SFC is proud to announce that Executive Director Susan Inglis has been selected by the Environmental Protection Agency to serve on the Furniture Panel for review of the Draft Guidelines for Product Environmental Performance Standards and Ecolabels for Voluntary Use in Federal Procurement pilot.
The panel will work over a 9-month period, reviewing and contributing to documents that fulfill the pilot goal of contributing to improvements in human health and the environment, and of encouraging continuous improvement among standards and ecolabels. Resolv, which is facilitating the process, describes on their website that EPA’s goal in developing the guidelines is to create a “transparent, fair, and consistent approach to selecting environmental performance standards and ecolabels to support the Agency’s mission and federal sustainable acquisition mandates.” The fundamental aim of the guidelines is to establish a cross-sector framework to be used in recognizing non-governmental environmental standards and ecolabels (and consequently, environmentally preferable products meeting these standards) for use in federal procurement. The guidelines provide a foundation for making these determinations, while providing flexibility to accommodate the variety of approaches to and types of standards and ecolabels that exist in the marketplace today.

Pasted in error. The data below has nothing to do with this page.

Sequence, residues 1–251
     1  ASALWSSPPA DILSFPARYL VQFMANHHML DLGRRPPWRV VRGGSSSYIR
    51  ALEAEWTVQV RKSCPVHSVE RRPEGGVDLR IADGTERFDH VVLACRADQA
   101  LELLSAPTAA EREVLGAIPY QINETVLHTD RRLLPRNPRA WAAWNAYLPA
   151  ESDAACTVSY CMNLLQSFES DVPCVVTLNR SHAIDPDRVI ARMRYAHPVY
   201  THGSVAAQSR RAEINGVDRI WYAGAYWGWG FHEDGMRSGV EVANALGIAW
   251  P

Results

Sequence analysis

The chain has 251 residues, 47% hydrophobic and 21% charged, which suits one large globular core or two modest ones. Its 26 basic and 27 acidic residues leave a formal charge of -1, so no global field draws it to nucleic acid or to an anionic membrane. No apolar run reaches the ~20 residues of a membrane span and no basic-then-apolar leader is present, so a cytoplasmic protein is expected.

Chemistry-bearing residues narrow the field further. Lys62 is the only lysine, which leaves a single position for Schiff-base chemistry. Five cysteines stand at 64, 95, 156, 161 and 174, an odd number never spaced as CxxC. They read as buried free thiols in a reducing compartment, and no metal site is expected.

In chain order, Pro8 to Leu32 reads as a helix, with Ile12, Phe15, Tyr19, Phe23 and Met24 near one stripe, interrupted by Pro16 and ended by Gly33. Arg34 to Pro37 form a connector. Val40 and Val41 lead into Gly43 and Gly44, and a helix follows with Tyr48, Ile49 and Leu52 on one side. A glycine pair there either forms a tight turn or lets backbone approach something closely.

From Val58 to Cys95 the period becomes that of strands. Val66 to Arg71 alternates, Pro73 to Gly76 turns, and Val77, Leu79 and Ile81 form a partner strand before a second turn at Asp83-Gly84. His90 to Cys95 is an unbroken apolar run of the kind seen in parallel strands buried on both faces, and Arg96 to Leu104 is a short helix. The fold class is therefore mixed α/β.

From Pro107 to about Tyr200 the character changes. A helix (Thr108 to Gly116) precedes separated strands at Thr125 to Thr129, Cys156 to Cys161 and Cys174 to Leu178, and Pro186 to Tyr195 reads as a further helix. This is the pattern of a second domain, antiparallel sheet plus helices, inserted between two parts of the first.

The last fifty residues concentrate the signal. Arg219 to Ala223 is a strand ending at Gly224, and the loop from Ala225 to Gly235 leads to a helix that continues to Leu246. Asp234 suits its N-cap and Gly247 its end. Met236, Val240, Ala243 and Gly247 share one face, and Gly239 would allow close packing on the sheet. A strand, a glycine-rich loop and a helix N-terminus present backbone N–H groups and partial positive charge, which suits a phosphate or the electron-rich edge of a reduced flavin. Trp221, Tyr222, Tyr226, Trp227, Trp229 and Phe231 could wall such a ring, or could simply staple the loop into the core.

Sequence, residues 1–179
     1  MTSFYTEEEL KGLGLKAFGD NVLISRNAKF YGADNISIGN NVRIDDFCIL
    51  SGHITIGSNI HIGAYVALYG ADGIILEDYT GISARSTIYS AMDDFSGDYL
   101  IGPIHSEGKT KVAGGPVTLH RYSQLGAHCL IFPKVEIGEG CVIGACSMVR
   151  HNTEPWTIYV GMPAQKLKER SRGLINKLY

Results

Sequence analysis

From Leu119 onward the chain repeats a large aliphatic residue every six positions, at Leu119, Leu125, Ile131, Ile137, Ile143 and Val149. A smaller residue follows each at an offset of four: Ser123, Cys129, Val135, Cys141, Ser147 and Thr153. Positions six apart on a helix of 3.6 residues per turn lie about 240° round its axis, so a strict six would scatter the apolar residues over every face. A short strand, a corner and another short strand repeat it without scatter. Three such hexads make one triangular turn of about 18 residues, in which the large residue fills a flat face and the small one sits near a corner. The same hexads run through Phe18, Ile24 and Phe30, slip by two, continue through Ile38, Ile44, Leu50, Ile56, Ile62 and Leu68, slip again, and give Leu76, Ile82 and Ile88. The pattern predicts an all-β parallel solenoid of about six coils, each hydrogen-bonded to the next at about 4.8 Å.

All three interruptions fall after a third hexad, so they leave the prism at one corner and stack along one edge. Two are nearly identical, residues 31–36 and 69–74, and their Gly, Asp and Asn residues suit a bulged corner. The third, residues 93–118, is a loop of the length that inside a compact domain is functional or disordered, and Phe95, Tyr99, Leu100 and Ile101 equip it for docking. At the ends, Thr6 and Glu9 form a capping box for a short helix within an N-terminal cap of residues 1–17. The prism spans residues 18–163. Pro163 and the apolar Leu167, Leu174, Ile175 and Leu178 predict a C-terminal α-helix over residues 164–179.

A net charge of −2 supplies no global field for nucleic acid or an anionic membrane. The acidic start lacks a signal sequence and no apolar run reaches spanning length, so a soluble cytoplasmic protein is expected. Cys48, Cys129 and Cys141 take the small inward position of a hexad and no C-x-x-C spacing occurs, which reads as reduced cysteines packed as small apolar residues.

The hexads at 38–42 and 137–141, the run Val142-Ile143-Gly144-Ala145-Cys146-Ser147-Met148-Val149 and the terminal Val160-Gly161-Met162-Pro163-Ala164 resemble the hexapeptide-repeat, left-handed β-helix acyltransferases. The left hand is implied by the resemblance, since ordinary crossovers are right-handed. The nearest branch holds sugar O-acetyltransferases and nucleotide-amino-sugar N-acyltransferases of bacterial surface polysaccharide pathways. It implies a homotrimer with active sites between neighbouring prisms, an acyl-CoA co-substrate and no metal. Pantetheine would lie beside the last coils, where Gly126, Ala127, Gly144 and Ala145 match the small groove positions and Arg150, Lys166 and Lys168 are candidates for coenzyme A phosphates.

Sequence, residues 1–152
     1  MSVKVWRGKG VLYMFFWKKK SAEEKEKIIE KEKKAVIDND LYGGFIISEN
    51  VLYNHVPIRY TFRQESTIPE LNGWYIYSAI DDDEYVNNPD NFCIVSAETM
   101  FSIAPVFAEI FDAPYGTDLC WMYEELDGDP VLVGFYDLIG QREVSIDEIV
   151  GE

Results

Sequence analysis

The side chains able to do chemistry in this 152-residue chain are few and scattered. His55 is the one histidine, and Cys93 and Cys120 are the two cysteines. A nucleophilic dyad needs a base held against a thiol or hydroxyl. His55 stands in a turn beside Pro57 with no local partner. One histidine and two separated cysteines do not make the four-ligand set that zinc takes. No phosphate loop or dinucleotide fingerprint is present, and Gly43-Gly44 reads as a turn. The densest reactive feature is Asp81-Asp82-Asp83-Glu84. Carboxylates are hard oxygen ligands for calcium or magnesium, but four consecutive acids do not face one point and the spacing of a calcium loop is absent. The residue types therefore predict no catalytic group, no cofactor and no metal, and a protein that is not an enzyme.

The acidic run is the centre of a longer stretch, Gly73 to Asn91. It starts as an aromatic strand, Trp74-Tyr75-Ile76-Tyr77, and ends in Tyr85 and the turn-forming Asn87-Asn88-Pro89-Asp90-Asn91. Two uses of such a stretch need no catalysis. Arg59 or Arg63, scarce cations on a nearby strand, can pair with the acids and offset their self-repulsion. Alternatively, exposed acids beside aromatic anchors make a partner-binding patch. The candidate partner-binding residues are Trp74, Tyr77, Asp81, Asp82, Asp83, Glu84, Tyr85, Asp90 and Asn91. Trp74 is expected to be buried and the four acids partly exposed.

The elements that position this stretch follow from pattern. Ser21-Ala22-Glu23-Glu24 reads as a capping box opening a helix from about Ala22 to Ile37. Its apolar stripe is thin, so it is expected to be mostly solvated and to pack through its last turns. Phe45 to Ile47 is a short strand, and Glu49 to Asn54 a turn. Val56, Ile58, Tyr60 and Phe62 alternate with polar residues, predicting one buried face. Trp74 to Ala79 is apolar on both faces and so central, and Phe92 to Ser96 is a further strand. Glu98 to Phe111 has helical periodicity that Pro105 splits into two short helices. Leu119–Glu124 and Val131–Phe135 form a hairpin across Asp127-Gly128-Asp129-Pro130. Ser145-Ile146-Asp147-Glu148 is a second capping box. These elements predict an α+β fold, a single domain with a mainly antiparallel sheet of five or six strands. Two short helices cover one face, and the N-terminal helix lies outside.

The pilot aims to support sustainable purchasing at the federal level as described above by addressing remaining questions regarding both the finalization of the guidelines and the proposed approach to assessing standards and ecolabels. Inglis and other Furniture Panel members will work collaboratively to develop product-category-specific criteria for assessing standards and ecolabels (based on the guidelines), and then review conformity assessment results before drafting panel recommendations. The panel will also receive input from and relay insight to the Governance Committee, both with respect to the purchase-category specific application of the guidelines and broader questions about the pilot’s value and potential scalability. SFC expects that the process will also result in greater public understanding of labels and environmental claims, which is crucial for sustaining a healthy future.